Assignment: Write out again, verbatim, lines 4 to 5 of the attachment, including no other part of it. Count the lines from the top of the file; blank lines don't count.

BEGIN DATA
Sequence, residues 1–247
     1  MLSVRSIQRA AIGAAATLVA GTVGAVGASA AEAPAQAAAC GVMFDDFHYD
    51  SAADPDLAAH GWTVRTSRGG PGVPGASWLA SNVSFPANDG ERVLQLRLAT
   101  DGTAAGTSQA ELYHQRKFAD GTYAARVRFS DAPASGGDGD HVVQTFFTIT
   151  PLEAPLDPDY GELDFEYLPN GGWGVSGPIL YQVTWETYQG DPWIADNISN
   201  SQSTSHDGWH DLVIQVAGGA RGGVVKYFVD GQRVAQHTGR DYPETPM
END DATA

   101  DGTAAGTSQA ELYHQRKFAD GTYAARVRFS DAPASGGDGD HVVQTFFTIT
   151  PLEAPLDPDY GELDFEYLPN GGWGVSGPIL YQVTWETYQG DPWIADNISN